Never hang a hoist on a roof truss. This can put an unsafe concentrated load on that portion of the building. A portable beam supported at both ends with A-frames on casters should be used to support a chain hoist. If you must have a fixed hoist then provide suitable structural component strength in the building for that.


Fire prevention

Follow local building codes for fire prevention.

A dry chemical or carbon dioxide type fire extinguisher should be provided immediately inside each of the main doors so that they can be reached without entering the building. These types of extinguishers are recommended for oil and electrical fires and may also be used for small trash fires.

Combustible or corrosive materials must be kept away from the welding area or are best not stored in the shop at all.

In the metal working or welding area, it is recommended that 1.2m sheet metal or asbestos board sheathing be placed on the bottom of the wall around that equipment.

Don’t clean parts with gasoline or other flammable solvents indoors. Never store volatile fuels in the shop.



If you can afford an office inside along with your computer equipment, it’s a good plan to store slow moving parts and records etc. there, but no fluids on top of the office.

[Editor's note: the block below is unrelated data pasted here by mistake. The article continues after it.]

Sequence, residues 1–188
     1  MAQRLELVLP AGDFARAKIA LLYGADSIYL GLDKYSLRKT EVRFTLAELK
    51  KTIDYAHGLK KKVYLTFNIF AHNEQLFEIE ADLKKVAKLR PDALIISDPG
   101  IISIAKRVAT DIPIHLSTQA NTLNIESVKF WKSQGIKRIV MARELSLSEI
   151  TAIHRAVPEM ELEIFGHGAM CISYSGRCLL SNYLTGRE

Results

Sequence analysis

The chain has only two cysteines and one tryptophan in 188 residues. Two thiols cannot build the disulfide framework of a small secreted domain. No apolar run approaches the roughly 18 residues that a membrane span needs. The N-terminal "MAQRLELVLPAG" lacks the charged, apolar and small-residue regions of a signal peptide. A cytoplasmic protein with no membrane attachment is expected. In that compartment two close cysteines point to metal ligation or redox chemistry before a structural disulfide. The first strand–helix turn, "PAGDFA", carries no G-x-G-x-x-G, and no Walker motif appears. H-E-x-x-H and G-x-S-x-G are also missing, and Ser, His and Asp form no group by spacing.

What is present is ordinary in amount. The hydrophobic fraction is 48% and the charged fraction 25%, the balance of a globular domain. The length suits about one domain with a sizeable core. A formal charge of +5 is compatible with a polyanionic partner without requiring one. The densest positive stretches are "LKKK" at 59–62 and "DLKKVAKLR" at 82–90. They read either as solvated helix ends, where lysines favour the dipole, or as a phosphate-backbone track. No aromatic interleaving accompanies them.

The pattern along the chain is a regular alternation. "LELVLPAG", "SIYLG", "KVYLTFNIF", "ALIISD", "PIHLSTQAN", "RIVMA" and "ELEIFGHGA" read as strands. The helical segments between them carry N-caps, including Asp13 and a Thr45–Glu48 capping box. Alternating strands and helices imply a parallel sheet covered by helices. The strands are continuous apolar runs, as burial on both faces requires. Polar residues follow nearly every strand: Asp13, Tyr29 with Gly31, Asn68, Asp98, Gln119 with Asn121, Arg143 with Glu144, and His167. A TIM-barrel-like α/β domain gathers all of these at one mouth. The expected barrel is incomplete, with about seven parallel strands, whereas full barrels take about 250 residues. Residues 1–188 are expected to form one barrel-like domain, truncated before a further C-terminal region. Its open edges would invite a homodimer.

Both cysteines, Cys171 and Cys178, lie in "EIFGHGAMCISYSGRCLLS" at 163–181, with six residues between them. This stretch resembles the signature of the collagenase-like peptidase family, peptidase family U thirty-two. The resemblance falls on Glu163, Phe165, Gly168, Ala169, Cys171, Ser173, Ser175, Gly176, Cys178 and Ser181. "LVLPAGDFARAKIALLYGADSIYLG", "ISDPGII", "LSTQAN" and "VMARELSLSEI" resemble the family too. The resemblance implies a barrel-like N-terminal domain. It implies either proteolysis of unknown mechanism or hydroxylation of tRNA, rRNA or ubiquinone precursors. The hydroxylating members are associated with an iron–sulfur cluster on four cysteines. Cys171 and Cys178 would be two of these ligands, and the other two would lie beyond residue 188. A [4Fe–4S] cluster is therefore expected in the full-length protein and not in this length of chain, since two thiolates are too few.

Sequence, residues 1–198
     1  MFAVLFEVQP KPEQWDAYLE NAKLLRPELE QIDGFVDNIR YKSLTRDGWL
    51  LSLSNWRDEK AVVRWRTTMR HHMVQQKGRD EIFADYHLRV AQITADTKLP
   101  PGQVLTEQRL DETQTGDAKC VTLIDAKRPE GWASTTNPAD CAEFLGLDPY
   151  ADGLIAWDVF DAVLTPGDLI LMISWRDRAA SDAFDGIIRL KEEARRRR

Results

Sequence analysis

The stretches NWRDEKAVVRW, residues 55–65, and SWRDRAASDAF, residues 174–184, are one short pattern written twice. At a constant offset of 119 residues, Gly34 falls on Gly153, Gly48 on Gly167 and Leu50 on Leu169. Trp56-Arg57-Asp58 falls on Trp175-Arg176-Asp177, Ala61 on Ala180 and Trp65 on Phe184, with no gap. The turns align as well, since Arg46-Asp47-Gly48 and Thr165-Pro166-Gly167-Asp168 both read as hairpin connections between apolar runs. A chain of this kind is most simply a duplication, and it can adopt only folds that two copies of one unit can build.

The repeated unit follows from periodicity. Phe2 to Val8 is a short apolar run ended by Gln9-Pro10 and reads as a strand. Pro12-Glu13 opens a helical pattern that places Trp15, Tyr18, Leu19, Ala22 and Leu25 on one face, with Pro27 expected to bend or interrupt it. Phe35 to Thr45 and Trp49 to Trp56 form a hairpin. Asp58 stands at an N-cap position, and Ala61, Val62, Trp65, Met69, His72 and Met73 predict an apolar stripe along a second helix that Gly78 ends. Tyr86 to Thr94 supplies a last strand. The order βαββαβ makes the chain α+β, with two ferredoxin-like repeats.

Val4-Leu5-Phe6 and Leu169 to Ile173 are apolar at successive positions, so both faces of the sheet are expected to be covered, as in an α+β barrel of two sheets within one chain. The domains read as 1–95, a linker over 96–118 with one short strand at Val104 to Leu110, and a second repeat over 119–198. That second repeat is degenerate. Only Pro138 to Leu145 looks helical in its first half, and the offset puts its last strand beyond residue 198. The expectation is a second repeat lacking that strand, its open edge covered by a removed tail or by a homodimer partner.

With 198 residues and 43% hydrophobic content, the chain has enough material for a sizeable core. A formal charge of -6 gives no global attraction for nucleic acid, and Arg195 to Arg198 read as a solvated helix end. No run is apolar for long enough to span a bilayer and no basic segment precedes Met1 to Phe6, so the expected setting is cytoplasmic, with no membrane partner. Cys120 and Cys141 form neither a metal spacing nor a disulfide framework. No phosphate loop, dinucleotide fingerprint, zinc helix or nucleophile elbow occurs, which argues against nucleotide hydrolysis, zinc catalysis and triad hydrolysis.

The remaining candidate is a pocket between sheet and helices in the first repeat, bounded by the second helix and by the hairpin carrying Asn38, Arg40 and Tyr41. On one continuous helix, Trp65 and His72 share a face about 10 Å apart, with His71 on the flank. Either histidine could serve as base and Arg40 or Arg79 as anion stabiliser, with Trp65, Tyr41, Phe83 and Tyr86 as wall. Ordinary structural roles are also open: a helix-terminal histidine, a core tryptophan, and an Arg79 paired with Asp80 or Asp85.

If no office, at least provide a desk and a decent storage cabinet for service record keeping, for storing trade literature, valuable parts books and operator's manuals.


Q Mug Shot Dr Graeme Quick is an international expert in farm machinery. Over the past 40 years he has held senior positions at Iowa State University, CSIRO and NSW Department of Agriculture. He's also a best-selling author. Nowadays he holds various engineering consultanices and, with his wife, lives on acreage in Peachester in south-east Queensland where they grow cabinet timbers and fruit trees. He can be contacted at g.quick@bigpond.com


This article was initilaly published in NewFarmMachinery magazine issue 1, August 2013. For the latest farm machinery news, reviews and informational features, subscribe to NewFarmMachinery magazine.